|1 Crore+ students have signed up on EduRev. Have you?|
Logic BIST Architecture
Two different test-per-clock BIST structures are shown in Figure 40.16. For every test clock, LFSR generates a test vector and Signature Analyzer (MISR) compresses a response vector. In every clock period some new set of faults is tested. This system requires more hardware. It takes less test time. It can be used for exhaustive test, pseudo-exhaustive test, pseudorandom testing, and weight pseudorandom testing.
Fig. 40.16 Test-Per-Clock BIST structure
Built-in Logic Block Observer (BILBO)
Built-in logic block observation is a well known approach for pipelined architecture. It adds some extra hardware to the existing registers (D flip-flop, pattern generator, response compacter, & scan chain) to make them multifunctional. All FFs are reset to 0. The circuit diagram of a BILBO module is shown in Figure 40.17. The BILBO has two control signals (B1 and B2).
Fig.40.17 BILBO Example
Four different modes of BILBO operation
BILBO Usage for multi-CUT structure 
As shown in Figure 40.18, in this BILBO structure, multiple modules can be tested simultaneously. The total operation is done in two phase as stated below.
Fig. 40.18 Circuit configured with BILBO
In this mode of operation BILBO1 operates in MISR mode and BILBO2 operates in LFSR mode. CUT A and CUT C are tested in parallel.
In this of operation BILBO1 operates in LFSR mode and BILBO2 operates in MISR mode. Only CUT B is tested in this mode of operation.
Instead of using LFSR and MISR for every input/output pins, this approach combine LFSR/MISR with shift register to minimize the hardware overhead. Figure 40.19 shows the basic circuit structure of a test-per-scan BIST. In BIST mode, LFSR generates test vectors and shifted to the inputs of the CUT via scan register. At the same time, the response are scanned in and compressed by the LFSR. Due to the use of scan chain for the delivery of test patterns and responses, the test speed is much slower than the test-per-clock approach. The clocks required for a test cycle is the maximal of the scan stages of input and output scan registers. Also fall in this category include CEBS, LOCST, and STUMP.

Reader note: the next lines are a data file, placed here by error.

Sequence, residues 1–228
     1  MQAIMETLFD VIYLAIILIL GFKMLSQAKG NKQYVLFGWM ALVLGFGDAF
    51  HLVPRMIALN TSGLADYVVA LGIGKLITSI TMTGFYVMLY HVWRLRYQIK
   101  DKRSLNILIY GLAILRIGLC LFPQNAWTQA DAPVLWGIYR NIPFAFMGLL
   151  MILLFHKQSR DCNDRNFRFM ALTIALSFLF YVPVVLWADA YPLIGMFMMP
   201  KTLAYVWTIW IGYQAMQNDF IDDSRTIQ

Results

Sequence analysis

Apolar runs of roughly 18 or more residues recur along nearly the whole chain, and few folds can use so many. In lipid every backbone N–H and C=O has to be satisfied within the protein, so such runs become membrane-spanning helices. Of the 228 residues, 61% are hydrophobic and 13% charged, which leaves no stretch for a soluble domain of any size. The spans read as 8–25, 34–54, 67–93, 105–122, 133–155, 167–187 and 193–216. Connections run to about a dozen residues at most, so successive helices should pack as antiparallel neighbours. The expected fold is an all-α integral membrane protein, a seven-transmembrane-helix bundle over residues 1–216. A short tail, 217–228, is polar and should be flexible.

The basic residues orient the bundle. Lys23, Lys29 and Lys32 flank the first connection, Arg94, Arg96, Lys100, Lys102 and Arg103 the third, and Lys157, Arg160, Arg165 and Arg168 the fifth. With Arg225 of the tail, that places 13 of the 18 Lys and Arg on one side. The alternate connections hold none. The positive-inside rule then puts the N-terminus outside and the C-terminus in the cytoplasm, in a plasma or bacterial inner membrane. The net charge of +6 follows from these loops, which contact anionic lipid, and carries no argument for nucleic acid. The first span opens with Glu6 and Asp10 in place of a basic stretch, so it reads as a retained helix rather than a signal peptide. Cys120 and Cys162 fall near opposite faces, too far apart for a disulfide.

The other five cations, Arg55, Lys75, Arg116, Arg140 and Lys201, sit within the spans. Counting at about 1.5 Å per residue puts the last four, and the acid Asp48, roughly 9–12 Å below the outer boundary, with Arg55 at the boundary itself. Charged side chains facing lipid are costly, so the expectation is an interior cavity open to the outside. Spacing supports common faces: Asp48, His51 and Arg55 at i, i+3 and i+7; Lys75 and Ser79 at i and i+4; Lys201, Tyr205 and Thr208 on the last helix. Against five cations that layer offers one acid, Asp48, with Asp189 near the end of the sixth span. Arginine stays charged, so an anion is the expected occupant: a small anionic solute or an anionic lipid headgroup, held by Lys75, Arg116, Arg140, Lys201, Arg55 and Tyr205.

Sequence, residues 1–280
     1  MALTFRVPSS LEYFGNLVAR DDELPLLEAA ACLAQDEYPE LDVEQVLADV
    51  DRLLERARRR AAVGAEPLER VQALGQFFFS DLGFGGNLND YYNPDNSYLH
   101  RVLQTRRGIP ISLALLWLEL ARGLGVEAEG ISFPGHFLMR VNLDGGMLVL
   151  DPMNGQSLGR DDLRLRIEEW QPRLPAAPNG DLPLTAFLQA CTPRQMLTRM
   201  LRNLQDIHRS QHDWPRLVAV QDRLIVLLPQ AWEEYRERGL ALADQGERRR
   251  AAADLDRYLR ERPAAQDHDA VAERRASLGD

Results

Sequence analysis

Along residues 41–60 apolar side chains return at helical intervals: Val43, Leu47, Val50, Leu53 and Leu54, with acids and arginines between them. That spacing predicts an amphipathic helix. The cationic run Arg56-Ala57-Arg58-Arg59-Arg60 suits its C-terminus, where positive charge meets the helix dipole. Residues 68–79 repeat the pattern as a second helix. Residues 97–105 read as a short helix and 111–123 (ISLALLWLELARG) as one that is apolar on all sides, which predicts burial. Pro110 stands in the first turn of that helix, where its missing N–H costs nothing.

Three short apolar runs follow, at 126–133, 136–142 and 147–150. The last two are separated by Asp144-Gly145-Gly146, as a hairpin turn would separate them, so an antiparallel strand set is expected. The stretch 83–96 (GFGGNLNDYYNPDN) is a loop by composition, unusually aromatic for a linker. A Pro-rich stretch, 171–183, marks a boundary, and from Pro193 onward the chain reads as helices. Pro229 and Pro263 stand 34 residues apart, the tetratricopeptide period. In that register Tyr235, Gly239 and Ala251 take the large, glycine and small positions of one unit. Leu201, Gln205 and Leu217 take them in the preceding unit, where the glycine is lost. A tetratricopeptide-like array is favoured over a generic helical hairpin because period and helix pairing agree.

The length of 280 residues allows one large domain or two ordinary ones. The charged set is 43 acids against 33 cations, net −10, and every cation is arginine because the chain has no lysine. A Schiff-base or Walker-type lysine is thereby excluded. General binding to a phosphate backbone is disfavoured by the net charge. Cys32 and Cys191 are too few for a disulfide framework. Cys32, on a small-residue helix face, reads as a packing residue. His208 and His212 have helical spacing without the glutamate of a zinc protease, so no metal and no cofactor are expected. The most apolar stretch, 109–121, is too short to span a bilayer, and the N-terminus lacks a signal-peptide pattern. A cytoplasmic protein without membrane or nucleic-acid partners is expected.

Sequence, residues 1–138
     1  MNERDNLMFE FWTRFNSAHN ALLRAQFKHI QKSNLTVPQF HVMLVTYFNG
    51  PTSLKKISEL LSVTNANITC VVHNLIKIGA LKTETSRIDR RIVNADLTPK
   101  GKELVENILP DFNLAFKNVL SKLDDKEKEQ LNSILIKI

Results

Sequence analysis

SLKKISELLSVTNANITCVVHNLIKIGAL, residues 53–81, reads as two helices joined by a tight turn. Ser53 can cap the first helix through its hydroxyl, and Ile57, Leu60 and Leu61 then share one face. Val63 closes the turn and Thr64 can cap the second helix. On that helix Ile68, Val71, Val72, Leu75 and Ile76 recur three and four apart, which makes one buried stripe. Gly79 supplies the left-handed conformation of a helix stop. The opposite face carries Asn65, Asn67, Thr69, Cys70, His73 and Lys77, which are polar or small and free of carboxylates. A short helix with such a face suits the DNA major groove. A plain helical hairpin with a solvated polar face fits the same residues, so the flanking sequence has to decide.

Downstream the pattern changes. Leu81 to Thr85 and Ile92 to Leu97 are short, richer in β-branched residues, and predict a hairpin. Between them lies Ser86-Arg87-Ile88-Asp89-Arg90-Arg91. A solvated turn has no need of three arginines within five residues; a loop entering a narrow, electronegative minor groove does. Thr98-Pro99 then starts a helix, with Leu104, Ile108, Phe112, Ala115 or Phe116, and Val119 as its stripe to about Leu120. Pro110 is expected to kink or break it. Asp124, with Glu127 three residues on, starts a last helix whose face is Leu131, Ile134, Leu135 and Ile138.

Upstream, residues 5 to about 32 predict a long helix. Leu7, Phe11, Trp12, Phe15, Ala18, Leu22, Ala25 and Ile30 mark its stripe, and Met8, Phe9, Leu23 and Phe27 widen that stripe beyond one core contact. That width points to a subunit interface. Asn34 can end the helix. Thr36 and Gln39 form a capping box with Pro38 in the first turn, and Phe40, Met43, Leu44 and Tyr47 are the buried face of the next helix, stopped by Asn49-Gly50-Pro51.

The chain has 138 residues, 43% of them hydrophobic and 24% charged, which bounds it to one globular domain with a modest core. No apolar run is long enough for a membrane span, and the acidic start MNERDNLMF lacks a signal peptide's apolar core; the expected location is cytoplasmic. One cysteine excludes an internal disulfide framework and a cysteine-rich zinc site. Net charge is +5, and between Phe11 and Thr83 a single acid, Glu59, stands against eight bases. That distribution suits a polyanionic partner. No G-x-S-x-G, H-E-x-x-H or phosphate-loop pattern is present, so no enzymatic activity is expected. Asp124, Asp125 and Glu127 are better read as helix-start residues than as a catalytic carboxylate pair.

Fig. 40.19 Basic test-per-scan structure
Self-Testing Using MISR and Parallel Shift register sequence generator (STUMP)
The architecture of the self-testing using MISR and parallel SRSG (STUMP) is shown in Figure 40.20. Instead of using only one scan chain, it uses multiple scan chains to minimize the test time. Since the scan chains may have different lengths, the LFSR runs for N cycles (the length of the longest scan chain) to load all the chains. For such a design, the internal type LFSR is preferred. If the external type is used, the difference between two LFSR output bits is only the time shift. Hence, the correlation between two scan chains can be very high.
Fig. 40.20 STUMPS test-per-scan testing system
Test Procedure of STUMP
BIST for Structured Circuits
Structured design techniques are the keys to the high integration of VLSI circuits. The structured circuits include read only memories (ROM), random access memories (RAM), programmable logic array (PLA), and many others. In this section, we would like to focus on PLAs because they are tightly coupled with the logic circuits. While, memories are usually categorized as different category. Due to the regularity of the structure and the simplicity of the design, PLAs are commonly used in digital systems. PLAs are efficient and effective for the implementation of arbitrary logic functions, combinational or sequential. Therefore, in this section, we would like to discuss the BIST for PLAs.